To support his thesis that aesthetic and religious expression and nature have always been and remain interconnected, Schama weaves together a variety of elements from many Western historical periods and places. Although on one one level his book could be viewed as a survey of Western art it is not. His premise is that our cultural legacy is the veneration of nature, that we do not inhabit a nature versus cultural world. Our culture is formed from our experience and our memory of our natural world. God is in the details and the impression of the Creator is impressed on the face of her creation.
LANDSCAPE has four main sections: Wood; Water; Rock; and Wood, Water, Rock. He begins with a backward journey to Eastern Europe, where his Jewish ancestors lived long ago. He searches for the family roots, and is reminded by a colleague, "Jews have legs, they don't have roots." Schama describes the great forest of Poland, oddly named Bialowieza--the realm of the Lithuanian Bison. Over the centuries, the forest has provided sustenance and sheltered many. During WWII, it became the hunting ground of the Nazis. His travels take him to Buchenwald the forest of beeches, once worshiped humans and now linked with the horrible deeds of men.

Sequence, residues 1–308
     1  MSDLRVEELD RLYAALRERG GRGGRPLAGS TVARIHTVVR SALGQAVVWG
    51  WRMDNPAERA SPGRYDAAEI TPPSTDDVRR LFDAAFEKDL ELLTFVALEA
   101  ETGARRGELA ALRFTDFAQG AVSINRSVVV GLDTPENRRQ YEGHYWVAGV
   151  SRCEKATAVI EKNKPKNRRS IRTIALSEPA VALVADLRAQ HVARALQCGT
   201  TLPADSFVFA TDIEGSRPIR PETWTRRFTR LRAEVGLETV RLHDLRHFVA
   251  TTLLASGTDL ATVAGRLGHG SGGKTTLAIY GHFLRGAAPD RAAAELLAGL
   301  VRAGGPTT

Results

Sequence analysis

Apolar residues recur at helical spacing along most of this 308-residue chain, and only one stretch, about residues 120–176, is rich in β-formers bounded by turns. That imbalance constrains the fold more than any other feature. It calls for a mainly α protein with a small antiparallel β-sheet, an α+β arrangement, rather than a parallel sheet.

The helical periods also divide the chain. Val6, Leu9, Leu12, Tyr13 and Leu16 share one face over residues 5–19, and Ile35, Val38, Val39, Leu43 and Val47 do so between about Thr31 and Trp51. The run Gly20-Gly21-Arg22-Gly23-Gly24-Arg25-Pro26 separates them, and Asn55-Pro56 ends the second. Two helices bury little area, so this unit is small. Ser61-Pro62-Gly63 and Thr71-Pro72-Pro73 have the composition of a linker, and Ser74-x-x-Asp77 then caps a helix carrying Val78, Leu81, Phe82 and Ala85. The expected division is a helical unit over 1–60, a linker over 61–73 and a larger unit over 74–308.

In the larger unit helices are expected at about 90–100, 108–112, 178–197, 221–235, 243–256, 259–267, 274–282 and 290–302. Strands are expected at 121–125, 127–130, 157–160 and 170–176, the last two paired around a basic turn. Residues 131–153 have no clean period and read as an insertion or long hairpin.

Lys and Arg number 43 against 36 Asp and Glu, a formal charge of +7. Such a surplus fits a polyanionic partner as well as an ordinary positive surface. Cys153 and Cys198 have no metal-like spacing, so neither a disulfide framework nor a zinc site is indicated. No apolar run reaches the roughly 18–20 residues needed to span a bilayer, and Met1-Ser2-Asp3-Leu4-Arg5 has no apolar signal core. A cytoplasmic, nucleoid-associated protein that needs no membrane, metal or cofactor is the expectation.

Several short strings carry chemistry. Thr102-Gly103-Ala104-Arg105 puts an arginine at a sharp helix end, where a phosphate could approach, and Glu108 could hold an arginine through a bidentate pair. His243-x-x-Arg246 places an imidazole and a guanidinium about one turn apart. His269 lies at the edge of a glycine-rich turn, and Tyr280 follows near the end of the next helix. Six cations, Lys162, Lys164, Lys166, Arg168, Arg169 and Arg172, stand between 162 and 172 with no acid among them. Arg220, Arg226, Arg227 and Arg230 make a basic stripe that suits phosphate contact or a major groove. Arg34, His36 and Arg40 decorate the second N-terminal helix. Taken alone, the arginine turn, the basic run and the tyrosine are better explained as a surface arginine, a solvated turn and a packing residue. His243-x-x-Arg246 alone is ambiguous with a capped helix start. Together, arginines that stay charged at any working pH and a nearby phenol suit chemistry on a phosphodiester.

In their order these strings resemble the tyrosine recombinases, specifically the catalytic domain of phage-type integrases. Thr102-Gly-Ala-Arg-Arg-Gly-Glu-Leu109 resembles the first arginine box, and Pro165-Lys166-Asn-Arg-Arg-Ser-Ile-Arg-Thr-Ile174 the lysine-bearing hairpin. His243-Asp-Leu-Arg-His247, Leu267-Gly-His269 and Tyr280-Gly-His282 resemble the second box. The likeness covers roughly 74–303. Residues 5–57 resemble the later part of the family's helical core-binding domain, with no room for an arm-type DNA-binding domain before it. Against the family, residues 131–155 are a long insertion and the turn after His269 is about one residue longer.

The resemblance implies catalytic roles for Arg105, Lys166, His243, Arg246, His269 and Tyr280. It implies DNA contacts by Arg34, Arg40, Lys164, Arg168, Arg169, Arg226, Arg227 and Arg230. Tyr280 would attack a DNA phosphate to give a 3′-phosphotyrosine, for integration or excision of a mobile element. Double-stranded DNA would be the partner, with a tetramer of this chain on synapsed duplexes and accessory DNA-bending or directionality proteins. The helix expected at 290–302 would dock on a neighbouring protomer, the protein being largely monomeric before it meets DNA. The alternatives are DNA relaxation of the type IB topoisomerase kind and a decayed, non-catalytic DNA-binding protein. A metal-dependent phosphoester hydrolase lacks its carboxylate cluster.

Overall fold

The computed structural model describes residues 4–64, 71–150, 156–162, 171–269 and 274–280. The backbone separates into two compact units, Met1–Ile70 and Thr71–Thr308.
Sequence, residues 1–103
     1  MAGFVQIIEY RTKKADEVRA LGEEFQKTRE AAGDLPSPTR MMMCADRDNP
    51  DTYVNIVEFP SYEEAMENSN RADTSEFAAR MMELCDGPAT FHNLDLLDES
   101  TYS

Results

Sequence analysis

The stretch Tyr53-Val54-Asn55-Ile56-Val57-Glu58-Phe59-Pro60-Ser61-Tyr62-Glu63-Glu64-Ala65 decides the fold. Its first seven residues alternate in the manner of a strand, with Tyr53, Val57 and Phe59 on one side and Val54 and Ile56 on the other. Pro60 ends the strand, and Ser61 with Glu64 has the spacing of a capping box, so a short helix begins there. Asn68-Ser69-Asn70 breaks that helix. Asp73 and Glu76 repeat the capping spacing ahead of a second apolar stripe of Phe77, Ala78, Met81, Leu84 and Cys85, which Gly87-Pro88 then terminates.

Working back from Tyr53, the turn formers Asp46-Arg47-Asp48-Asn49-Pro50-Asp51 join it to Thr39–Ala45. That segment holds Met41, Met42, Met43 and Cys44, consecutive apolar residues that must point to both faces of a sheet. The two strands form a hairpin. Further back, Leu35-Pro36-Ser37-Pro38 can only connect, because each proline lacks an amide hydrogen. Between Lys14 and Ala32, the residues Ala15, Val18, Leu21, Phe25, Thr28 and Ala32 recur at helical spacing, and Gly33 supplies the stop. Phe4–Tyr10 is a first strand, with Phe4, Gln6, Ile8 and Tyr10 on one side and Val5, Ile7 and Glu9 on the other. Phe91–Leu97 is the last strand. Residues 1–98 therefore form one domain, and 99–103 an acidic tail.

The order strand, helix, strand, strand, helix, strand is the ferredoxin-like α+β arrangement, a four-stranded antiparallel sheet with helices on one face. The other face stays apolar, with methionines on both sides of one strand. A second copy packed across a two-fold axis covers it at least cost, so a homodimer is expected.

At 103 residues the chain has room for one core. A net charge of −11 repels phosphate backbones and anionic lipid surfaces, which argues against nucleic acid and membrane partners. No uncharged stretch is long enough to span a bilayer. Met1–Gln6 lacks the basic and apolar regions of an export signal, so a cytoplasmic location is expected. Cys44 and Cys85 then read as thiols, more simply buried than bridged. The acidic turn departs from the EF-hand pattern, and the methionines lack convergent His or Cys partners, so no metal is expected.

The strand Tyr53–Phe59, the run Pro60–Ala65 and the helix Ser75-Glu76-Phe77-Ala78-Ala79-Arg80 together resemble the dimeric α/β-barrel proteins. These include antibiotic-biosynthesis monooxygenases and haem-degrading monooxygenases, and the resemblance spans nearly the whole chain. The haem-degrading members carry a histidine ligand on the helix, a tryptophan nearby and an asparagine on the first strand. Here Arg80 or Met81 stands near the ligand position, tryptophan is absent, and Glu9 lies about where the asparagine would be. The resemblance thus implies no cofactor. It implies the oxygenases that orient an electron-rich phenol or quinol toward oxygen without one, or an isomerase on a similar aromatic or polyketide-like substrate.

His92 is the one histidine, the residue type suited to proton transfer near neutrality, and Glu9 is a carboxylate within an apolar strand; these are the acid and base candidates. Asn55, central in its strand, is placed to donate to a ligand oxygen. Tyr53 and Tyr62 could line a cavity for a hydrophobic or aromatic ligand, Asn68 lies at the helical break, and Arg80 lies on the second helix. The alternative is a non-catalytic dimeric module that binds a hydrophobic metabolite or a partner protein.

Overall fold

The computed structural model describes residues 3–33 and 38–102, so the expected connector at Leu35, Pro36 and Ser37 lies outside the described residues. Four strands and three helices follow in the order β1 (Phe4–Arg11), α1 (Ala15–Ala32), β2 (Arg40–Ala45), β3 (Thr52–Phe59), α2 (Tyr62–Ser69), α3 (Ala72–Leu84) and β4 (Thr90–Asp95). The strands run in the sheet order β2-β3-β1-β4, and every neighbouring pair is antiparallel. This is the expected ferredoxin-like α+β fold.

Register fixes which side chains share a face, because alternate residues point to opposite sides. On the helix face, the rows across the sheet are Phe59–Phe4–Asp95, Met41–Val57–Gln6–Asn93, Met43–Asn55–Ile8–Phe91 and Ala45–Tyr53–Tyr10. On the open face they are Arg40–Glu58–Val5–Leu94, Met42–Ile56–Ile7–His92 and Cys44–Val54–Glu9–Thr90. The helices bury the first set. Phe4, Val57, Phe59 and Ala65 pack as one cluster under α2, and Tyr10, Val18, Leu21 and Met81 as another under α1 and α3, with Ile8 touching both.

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Format: Paperback
In Landscape and Memory, Simon Schama embarks on an epic journey across countries, through mountains and forests, and over time to create a panoramic exploration of the impact landscape has made on culture and in turn how the culture has formed and manipulated the land. Painting, sculpture, printmaking, architecture, rural and urban planning are merely a few of the means by which society has interpreted the world around them, often to conform to its own needs and desires. Schama does not see this as negative, for it is the "cultural habits of humanity" that "have always made room for the sacredness of nature." Schama does not treat the landscape as isolated and individual expressions, but as part of a historical and transcontinental continuum. The spirituality and nationality imbued in the land and rivers transcend time and space to embody a powerfully universal mysticism. Schama's distinctive meandering writing style gives the reader the impression that he or she is in fact taking a journey through woodland trails or down winding rivers. He combines the narrative elements of storytelling with a historical accuracy and specificity in order to describe a vivid and imaginable past. The forests of Lithuania, the elaborite Fountain of the Four Rivers of Italian sculptor Bernini, the mystic landscape paintings of Casper David Friedrich, and Mount Rushmore are just a small sampling of the rich variety of subjects Schama discusses in his authoritative yet intuitive work. Schama begins and ends the book with the words of Henry David Thoreau, thus creating a cyclical feeling quite similar to the turning of the seasons or the movement of one river into another.Read more ›